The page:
Johnson and Johnson's bankruptcy gambit fails (permalink)
The Third Circuit Court of Appeals has foiled Johnson & Johnson's plan to use a bankruptcy scam called the Texas Two-Step to escape paying 40,000 women who were injured when the pharma giant sold them asbestos-tainted talcum powder to dust over their vulvas, leading to gruesome cancers:
If you'd like an essay-formatted version of this thread to read or share, here's a link to it on pluralistic.net, my surveillance-free, ad-free, tracker-free blog:
Back in 2018, a jury awarded $4.69 billion to 22 women whose ovarian cancer was caused by J&J's toxic product, $4.14b of which was punitive, awarded because J&J ignored the link between applying talcum powder to one's genitals and cancer, and continued to market its products as a "Shower to Shower" genital deodorant:
With thousands more lawsuits in the pipeline, the company sprung into action, restructuring in Texas using a quirk of the state's merger laws that allows a single company to "merge" into two separate entities.
The Texas Two-Step is a corrupt gambit that uses this quirk to allow large companies to escape liability for their misdeeds, by creating one company that holds the assets and profitable businesses of the firm, and another company that holds the firm's toxic products and the liabilities they produced. The "bad" company then declares bankruptcy, leaving the "good" company to walk away with the billions it made by harming people, and leaving the victims to squabble over the meager assets from the bankruptcy.
To maintain the pretense that this maneuver isn't just a ruse to escape liability, companies undertaking the Texas Two-Step have the "good" company guarantee some of the liabilities of the "bad" company. That's what J&J did, and the women it injured sued over it:
The appeals court didn't find J&J's bankruptcy persuasive. They found that any bankruptcy for the "bad" company should come after it had exhausted all guarantees the "good" company had made. Summarizing the court opinion Bloomberg's Matt Levine writes, "You want to file for bankruptcy while you still have plenty of money to pay claims, but not too much money."
J&J has vowed to appeal. If their appeal succeeds, it will be another blow against corporate accountability and against the bankruptcy system, both of which have are at their lowest ebb in living memory. Just the fact that J&J is still in business is remarkable. Poison talcum powder is only the latest salvo in J&J's war on women's reproductive organs – just a year ago, the company was ordered to pay hundreds of millions for selling women vaginal meshes, aggressively marketed for incontinence and prolapse, long after it learned that these meshes could permanently fuse with patient's pelvic floors, leading to "severe pain, bleeding, infections, discomfort during intercourse."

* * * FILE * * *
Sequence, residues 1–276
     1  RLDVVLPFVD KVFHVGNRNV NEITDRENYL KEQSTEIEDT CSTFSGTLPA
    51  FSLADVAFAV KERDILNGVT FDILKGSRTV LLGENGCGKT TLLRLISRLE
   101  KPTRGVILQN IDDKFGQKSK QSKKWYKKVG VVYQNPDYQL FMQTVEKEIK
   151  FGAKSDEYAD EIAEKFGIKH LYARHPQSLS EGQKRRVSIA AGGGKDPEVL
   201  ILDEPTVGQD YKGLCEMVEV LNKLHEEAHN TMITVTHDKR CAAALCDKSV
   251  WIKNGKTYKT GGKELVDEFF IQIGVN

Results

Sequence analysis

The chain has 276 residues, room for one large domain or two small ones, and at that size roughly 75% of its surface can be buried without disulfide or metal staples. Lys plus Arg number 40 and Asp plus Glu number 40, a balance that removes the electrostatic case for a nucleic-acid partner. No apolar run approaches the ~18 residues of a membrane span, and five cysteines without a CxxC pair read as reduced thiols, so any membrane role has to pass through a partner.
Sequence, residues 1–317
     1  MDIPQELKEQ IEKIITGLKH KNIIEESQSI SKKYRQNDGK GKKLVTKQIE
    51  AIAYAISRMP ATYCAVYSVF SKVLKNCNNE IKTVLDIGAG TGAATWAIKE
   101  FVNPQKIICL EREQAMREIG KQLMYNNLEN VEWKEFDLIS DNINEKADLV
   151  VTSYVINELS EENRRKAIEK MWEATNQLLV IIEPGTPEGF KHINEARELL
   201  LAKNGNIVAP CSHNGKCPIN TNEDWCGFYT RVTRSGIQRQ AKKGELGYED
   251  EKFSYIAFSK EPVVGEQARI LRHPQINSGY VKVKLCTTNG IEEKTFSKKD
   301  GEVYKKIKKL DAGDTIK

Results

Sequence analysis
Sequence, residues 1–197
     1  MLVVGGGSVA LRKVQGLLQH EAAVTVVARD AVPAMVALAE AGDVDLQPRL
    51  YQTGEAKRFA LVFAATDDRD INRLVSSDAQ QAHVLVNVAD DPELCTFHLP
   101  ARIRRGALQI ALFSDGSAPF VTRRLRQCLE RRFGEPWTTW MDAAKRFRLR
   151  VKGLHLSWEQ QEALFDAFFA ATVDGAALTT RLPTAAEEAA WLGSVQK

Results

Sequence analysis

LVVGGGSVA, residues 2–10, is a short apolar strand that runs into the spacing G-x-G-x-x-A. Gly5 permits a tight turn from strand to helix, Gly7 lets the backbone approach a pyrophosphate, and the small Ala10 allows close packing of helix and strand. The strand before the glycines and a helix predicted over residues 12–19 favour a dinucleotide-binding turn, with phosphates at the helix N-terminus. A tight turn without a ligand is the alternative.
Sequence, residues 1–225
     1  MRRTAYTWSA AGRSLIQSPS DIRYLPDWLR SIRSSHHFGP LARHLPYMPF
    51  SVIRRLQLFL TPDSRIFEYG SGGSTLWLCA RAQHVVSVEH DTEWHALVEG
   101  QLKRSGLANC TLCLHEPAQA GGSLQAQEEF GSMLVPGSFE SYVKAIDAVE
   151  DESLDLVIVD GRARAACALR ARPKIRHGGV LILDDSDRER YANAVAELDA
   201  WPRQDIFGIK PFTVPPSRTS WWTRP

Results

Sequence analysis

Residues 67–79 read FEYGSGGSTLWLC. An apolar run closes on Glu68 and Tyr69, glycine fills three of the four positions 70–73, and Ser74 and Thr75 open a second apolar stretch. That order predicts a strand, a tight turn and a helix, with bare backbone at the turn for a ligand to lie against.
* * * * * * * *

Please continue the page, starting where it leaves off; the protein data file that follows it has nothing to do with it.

J&J was also neck-deep in the opioid crisis, going so far as to commission a report from McKinsey entitled "Maximizing Value of the Narcotics Franchise," on how to use its dominance of poppy-extract to corner the market on opioids:
It was the opioid sector that brought popular attention – and well-earned disgust – to the US bankruptcy. The criminal Sackler family, owners of Purdue Pharma and proprietors of OxyContin, used a nakedly corrupt move to shift their bankruptcy proceeding to Judge Robert Drain of the Southern District of New York:
Drain is notoriously tolerant of corporate crime and is an enthusiastic booster for the principle of using bankruptcies to escape consequences for corporate mass-murder. Which is exactly what the Sacklers did, cramming through a bankruptcy deal that let them walk away with billions, stiffing the survivors of their opioid business:
J&J told women to put carcinogens down their underwear. For decades. It gave tens of thousands of women ovarian cancer. Then it tried to use Texas's courts to walk away with billions. But this time, a court stopped them. This time there's no separate system of justice, like the one that gave the Sacklers billions in dirty money. This time, the company might just have to pay for its crimes.
James Wagstaff (modified)
Mike Mozart (modified)
CC BY 2.0
(via Jesse Wagstaff, Mike Mozart; CC BY 2.0, modified)
Hey look at this (permalink)
This day in history (permalink)
#20yrsago DVDs rot over time https://www.smh.com.au/national/a-bad-case-of-dvd-rot-eats-into-movie-collections-20030201-gdg75r.html
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#15yrsago Sony kills DRM stores — your DRM music will only last until your next upgrade https://memex.craphound.com/2008/02/01/sony-kills-drm-stores-your-drm-music-will-only-last-until-your-next-upgrade/
#15yrsago Amazon’s anti-DRM tee https://memex.craphound.com/2008/02/01/amazons-anti-drm-tee/
#15yrsago Chinese dissident’s “Rear Window” video of the cops keeping him under house arrest https://www.theguardian.com/news/video/2008/feb/01/hu.jia
#10yrsago Dial-up handshaking illustrated https://www.windytan.com/2012/11/the-sound-of-dialup-pictured.html